**Università Politecnica delle Marche, Facoltà di Ingegneria, DEIT






A model of hypertextual structure and organization


Maria Pietronilla Penna*, Vera Stara**, Daniele Costenaro*, Paolo Puliti**


*Università degli Studi di Cagliari, Facoltà di Scienze della Formazione, Dipartimento di Psicologia

**Università Politecnica delle Marche, Facoltà di Ingegneria, DEIT





Teachers in the technological age: a comparison between traditional and hypertextual instructional strategies.


Maria Pietronilla Penna*, Vera Stara**, Daniele Costenaro*


*Università degli Studi di Cagliari, Facoltà di Scienze della Formazione, Dipartimento di Psicologia

**Università Politecnica delle Marche, Facoltà di Ingegneria, DEIT




The emergence of e-learning


Maria Pietronilla Penna*, Vera Stara**, Paolo Puliti**


*Università degli Studi di Cagliari, Facoltà di Scienze della Formazione, Dipartimento di Psicologia

**Università Politecnica delle Marche, Facoltà di Ingegneria, DEIT





The neon color spreading and the watercolor illusion: Phenomenal links and neural mechanisms


Baingio Pinna


Facoltà di Lingue e Letterature Straniere, University of Sassari, via Roma 151, I-07100 Sassari, Italy.

Phone:  +39-079-441101           Fax:     +39-079-229645            e-mail:  baingio@uniss.it


Supported by: Fondazione Banco di Sardegna, the Alexander von Humboldt Foundation, ERSU, Banca di Sassari and Fondo d’Ateneo (ex 60%).




This work explores the interactions between the cortical boundary and coloration and figural properties of two illusions: the neon color spreading and the watercolor effect. Through psychophysical and phenomenal observations the neon color spreading has been compared with the watercolor illusion. The results showed that the phenomenal qualities of both effects can be reduced to a basic common limiting case that can explain the perceptual differences between the two illusions. Finally, the article proposes a unified explanation of the properties of the two illusions in terms of the FACADE neural model of biological vision (Grossberg, 1994). The model clarifies how local properties, such as spatial competition, can control some properties of both illusions, and how more global figural properties, determining the shape and strength of contours, can explain differences between the two illusions.


Keywords: Neon color spreading, watercolor illusion, Gestalt principle of grouping, border ownership, figure-ground segregation, FACADE model.



Overcoming computationalism in Cognitive Science



Maria Pietronilla Penna


Università degli Studi di Cagliari, Facoltà di Scienze della Formazione, Dipartimento di Psicologia




Physical and biological emergence: are they different?



Eliano Pessa


Università  degli  Studi  di  Pavia, Dipartimento  di   Filosofia  e  Psicologia .  Piazza  Botta , 6   

  (Palazzo S. Felice) 27100, Pavia, Italy





Usability and man-machine interaction


Roberta Rani, Maria Pietronilla Penna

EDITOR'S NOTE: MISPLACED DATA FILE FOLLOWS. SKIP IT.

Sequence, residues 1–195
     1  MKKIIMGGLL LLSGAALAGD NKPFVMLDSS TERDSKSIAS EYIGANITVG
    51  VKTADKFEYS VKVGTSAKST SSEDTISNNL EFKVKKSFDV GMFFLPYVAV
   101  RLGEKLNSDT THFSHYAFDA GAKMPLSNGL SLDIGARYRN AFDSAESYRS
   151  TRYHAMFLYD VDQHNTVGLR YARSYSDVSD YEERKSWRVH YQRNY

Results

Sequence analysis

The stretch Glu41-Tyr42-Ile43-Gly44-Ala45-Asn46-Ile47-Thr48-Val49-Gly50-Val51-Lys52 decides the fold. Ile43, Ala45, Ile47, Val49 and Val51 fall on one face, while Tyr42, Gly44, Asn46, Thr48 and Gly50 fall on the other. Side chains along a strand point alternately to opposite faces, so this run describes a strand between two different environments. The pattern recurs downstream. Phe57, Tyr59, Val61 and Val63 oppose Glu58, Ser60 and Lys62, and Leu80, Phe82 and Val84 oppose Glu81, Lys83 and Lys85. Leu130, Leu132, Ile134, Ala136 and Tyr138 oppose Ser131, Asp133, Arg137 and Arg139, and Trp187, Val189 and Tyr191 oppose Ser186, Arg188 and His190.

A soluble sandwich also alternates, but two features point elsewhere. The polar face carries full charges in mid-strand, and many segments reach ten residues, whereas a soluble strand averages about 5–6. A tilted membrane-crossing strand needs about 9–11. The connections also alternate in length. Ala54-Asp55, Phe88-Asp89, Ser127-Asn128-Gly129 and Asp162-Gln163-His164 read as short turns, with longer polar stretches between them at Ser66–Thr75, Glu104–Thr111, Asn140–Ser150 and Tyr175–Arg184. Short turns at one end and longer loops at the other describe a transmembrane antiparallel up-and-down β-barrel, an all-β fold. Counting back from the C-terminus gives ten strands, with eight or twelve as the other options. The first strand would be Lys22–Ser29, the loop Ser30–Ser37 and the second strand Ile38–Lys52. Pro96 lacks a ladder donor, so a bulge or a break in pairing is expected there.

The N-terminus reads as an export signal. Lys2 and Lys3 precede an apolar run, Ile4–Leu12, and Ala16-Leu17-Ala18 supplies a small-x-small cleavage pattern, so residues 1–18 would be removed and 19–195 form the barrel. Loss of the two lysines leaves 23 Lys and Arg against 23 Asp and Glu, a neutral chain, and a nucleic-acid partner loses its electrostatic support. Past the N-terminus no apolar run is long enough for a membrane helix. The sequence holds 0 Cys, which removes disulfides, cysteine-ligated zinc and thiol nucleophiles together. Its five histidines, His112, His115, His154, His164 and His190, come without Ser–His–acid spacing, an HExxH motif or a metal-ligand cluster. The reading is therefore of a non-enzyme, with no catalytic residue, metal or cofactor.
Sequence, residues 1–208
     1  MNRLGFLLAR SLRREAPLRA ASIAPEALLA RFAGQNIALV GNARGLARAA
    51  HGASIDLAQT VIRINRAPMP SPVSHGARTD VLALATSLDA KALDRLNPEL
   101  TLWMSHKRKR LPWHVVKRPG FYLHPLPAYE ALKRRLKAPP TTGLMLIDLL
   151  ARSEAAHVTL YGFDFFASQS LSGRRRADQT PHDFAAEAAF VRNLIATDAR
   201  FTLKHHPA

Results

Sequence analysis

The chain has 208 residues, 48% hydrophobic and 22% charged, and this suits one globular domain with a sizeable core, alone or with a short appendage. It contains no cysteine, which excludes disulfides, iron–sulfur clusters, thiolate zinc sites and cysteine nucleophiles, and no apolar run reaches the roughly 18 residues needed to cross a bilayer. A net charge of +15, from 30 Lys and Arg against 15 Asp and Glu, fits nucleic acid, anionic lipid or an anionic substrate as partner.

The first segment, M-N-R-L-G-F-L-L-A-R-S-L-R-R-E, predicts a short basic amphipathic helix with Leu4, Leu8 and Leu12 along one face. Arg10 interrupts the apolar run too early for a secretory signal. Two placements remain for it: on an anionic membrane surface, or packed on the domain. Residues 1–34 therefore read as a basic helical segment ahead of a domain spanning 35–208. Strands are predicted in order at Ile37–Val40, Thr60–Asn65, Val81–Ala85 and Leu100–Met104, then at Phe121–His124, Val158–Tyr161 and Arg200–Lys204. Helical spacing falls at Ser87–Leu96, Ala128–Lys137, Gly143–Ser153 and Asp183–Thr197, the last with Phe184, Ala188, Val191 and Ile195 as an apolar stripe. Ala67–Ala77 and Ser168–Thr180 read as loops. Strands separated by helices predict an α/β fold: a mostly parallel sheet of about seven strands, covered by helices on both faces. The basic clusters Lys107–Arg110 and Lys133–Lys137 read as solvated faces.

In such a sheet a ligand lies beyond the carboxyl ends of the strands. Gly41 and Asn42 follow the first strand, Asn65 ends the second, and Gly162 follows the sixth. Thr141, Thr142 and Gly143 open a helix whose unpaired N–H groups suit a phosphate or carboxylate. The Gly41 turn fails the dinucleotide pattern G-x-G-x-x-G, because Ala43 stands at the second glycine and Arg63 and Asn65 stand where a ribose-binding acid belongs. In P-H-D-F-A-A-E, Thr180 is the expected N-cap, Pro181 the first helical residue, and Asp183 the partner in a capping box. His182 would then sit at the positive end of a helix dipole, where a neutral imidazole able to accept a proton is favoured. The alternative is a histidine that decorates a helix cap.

Prisoner dilemma: a model taking into account expectancies



N. S. Bonfiglio, E. Pessa



Spatial learning in children


B. Lai, M. P. Penna, V. Stara




Representation in psychometrics: confirmatory factor models of job satisfaction in a group of professional staff


Maria Santa Ferretti

Piergiorgio Argentero




This article falls within the scope of one of the most recent interpretations of psychometrics, characterized by the concept of “representation”. Formal models and theories to define latent structures represent a particularly important research tool in modern psychometrics, in which psychological disciplines interact with disciplines that envisage formalization, such as mathematics and statistics.

The study in question was used as a means of identifying a model that represents the structure of the typical constructs of a set of items in a job satisfaction scale. The results, consistent with the current literature, demonstrate the multidimensional nature of the construct even among the sample population of managerial staff, yet also identify some characteristic dimensions that, while distinct, are strictly correlated.


Key words: psychometry, structural models, job satisfaction, professional staff.




Complexity  in  universe  dynamic evolution

part  2   -   Preceding  History


Umberto Di Caprio

Stability Analysis s.r.l. - Via A. Doria  48/A  20124  Milano ( I )





We define the initial structure of Universe and the disturbance that destroys the dynamical equilibrium relating to such structure. We reconstruct subsequent evolution and explain how expansion led to a matter dominated era. Further on we illustrate the birth of galaxies and the growth up to present time. According to our model Universe was transparent up to the beginning of the matter dominated era and afterwards, for a certain time, was obscured by the presence of central black-hole. A conjecture about ether is set forward.




Is being computational an intrinsic property of a dynamical system?


Marco Giunti


Università di Cagliari, Italy




I consider whether or not a discrete dynamical system has two isomorphic representations, one recursive and the other non-recursive; if it does not, the system can be said to be an intrinsic computational system.  I prove that intrinsic computational systems exist, as well as non-intrinsic ones, and I finally argue that some representation of a non-intrinsic computational system is not effective with respect to the state-space structure of the system.


Key words: dynamical systems theory, discrete system, computational system, computation, computability theory, recursive function, effective procedure, representability.